Establishing The Hill as a feral-free biodiversity haven: Creating undisturbed habitat – especially small bird habitat – in the Johnstons Creek corridor is very challenging because of the heavy pedestrian traffic, bikes and dogs. Although there are some bush restoration patches, most patches are too fragmented, suffer from vandalism or focus on canopy cover, which limits dense understory.

The Hill represents the best opportunity to create an undisturbed urban nature refuge in the Johnstons Creek corridor, where plants and native wildlife are protected from disturbance. Such a refuge could also create opportunities for future urban nature research projects.

The Glebe Society and its Blue Wren subcommittee are requesting that Council consider:

  1. Undertaking feasibility studies to develop options for transforming the site without expensive remediation and with staged removal of non-native trees and vegetation. Options could include cutting trees to ground level and spraying out weeds before covering all with a deep layer of soil or crushed sandstone, followed by shallow re-planting.
  2. Investigate feral-free fencing options that do not involve extensive excavation.

Meeting with City of Sydney to consider the Society’s proposals for The Hill

by Andrew Wood, Blue Wren Convenor

An online meeting was held on Tuesday, 5 July, to discuss the Society’s proposals. The meeting was chaired by Cailin Martin (Property Strategy Planner). Also attending from the City were Jacqui Brooks (Parks Assets and Services Manager) and James MacNamara (Urban Ecology Coordinator). The Glebe Society was represented by the President and six members of the Blue Wren Subcommittee. Our 2022 Biodiversity lecturer, Professor Dieter Hochuli from the School of Life and Environmental Sciences, Faculty of Science, University of Sydney and leader of its Integrative Ecology Group, was also present.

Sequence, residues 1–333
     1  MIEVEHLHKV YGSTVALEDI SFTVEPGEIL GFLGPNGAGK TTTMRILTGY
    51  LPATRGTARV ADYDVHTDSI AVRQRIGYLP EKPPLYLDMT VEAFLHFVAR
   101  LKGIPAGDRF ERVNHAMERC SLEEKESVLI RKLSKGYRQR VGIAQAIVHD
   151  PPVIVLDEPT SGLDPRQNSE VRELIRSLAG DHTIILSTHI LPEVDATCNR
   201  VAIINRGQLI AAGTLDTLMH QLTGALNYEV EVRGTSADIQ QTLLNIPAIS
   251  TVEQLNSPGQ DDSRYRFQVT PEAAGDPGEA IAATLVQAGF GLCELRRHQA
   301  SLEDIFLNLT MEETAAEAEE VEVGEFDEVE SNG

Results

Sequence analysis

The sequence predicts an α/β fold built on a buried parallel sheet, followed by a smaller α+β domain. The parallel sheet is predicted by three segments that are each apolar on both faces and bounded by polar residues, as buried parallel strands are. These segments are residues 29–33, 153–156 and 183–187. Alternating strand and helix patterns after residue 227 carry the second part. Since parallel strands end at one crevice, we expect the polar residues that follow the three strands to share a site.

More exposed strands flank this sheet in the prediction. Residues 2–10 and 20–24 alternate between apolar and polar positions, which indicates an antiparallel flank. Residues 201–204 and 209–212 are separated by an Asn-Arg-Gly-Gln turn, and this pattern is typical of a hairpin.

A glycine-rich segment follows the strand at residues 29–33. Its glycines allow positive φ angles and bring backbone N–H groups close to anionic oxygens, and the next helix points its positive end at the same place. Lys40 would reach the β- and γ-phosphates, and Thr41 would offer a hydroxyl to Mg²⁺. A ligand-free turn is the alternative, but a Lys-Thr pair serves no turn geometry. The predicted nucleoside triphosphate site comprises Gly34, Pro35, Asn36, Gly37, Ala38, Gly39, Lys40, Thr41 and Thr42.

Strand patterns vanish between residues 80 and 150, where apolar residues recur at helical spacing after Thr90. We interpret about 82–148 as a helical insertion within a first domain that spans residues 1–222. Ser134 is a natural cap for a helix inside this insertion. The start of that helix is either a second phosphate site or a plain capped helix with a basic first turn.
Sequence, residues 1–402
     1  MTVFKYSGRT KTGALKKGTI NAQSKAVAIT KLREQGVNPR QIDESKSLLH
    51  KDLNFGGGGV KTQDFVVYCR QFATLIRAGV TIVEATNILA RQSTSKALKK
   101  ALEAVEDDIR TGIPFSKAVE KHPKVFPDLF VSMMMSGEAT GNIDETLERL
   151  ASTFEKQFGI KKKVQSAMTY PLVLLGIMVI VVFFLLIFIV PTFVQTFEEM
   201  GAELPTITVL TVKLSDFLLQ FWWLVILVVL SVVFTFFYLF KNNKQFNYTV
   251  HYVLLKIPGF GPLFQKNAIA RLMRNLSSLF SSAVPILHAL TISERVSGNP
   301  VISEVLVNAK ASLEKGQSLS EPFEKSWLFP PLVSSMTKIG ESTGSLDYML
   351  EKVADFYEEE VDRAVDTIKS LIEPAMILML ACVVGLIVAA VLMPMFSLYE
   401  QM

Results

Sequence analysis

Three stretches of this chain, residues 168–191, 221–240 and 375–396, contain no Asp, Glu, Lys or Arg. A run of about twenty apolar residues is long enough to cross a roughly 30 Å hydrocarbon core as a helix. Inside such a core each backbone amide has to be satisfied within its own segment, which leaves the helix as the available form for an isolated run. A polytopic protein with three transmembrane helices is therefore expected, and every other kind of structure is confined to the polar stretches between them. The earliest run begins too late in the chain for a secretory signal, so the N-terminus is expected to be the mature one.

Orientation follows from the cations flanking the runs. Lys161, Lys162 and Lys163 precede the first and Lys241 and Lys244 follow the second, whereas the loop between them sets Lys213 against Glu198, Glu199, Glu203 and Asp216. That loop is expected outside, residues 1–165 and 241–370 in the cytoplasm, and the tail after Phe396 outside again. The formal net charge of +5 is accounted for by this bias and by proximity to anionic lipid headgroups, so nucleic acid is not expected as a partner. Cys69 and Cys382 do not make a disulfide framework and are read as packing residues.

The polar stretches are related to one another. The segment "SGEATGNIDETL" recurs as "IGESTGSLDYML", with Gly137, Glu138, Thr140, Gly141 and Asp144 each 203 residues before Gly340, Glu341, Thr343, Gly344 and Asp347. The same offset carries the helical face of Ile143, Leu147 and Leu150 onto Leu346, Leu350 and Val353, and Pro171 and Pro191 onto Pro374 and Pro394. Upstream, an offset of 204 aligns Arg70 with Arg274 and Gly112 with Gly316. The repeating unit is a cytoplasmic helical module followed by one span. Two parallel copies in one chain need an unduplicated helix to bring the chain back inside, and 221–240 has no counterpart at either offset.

Garbage tip and punt at Blackwattle Bay (source: State Library of NSW)

The following decisions were made at the meeting:

  • The City has no objections and supports the monitoring of wildlife on The Hill, including the use of cameras and acoustic recordings, which could be undertaken by Professor Hochuli’s group at the University of Sydney.
  • The Hill is subject to an Aboriginal land claim, but the City recommends that the site be monitored for wildlife as an interim measure. The ownership of The Hill may be transferred to the Metropolitan Aboriginal Land Council, which would then make final decisions about the site.
  • The City would probably fund any future remediation of The Hill.
  • The City will organise an onsite inspection of The Hill once the weather has improved.
  • The City will send the Blue Wren Subcommittee details of community grants that could be used to fund the monitoring proposals.